A must read on the perceptions of social mobility

Intergenerational mobility and preferences for redistribution

This is certainly a must read for the day. To summarize, this study looks at intergenerational mobility and finds that Europeans are more pessimistic about their ability to move up in life while Americans are more optimistic. This might have to do with the class system that was prevalent in European society that never (well, never officially) existed in the U.S. The few lines below do a better job at explaining the difference:

The (stereo)typical view on intergenerational mobility distinguishes between ‘American’ and ‘European’ attitudes. Americans are thought to view the market system as relatively fair, and to believe in the ‘American dream’. Thus, they see view wealth as a reward for ability and effort, and poverty as the result of inability to take advantage of opportunities. In contrast, Europeans tend to believe that the economic system is unfair, and that wealth is the result of family history, connections, and sticky social classes. Poverty is the result of bad luck and the inability of society to take care of the needy regardless of their effort (Alesina and Glaser 2004).

And from the data:

quintile mobility

The chart above shows on the y-axis the perceived probability of moving from the bottom quintile to the top quintile against the real probability on the x-axis. Interestingly, the European countries have a better probability of moving from the bottom to the top, yet they still perceive they have a lower probability.

I also have some remarks on the survey measures below contrasted with reality:

A majority of Americans tend to believe that the economic system is fair, while French and Italian respondents have extremely negative views about the fairness of the system, and show extraordinarily low levels of trust in the government regarding policies to increase opportunities. Half of US respondents agree that the system is fair, and 53% believe that everyone has a chance of making it. Only 10% and 19% of Italian and French respondents, respectively, agree that the system is basically fair. Similarly, only 13% of Americans say that they never trust the government, in comparison with 29% of Italian and 33% of French respondents.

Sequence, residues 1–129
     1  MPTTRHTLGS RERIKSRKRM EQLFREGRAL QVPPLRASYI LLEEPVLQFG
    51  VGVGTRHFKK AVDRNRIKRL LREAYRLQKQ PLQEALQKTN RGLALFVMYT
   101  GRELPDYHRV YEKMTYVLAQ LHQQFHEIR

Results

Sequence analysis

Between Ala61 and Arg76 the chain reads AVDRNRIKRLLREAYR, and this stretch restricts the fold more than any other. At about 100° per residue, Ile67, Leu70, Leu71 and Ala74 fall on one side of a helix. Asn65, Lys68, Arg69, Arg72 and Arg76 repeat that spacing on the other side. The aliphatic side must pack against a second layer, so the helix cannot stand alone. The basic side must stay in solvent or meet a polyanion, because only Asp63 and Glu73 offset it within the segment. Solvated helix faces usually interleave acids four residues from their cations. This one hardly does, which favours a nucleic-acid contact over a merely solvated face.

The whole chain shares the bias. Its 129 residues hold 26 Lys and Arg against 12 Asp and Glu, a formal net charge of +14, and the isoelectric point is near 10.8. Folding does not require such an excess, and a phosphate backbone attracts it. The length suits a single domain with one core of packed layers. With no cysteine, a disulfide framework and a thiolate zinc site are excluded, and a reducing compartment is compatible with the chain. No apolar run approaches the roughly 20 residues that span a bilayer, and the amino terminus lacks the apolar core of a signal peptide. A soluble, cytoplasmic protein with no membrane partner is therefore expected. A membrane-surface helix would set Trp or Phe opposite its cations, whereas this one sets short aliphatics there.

First off, these types of survey questions can vary greatly based on external factors and perception of one’s life at the current moment in time. For instance, particularly in the U.S., giving this survey when the economy was in the doldrums of the financial crisis will yield far different results than, say, at the present. Second, the notion that half of Americans view the economic system as fair, 53% believe that everyone has a chance of making it, and only a mere 13% say they never trust the government contrasts starkly with their voting preferences this past November. Also, the definition of “making it” will vary significantly for different people. For instance, I might define “making it” as owning a nice beach house with a few overpriced cars in the garage while someone else might define “making it” as owning a home and supporting a family anywhere. And again, I must reiterate, the timing of this survey will yield drastically different results.

While intuitive, I also find the political leanings below noteworthy:

We also uncover deeply polarised views on policy. Left-leaning respondents are pessimistic about social mobility and the more pessimistic they are, the more they see a role for government in implementing equal opportunity policies, like spending more on public health and education, and financing them with more progressive income taxes. In contrast, right-leaning respondents seem to see the government as the problem rather than the solution, and even those who are pessimistic about social mobility do not want more government spending.

And lastly, the researchers conducted a survey whereby they showed respondents an animation meant to provoke more pessimistic views of social mobility. And as expected, the results were as follows:

Thus, the treatment had the effect of either ‘preaching to the choir’ or ‘preaching to the deaf.’

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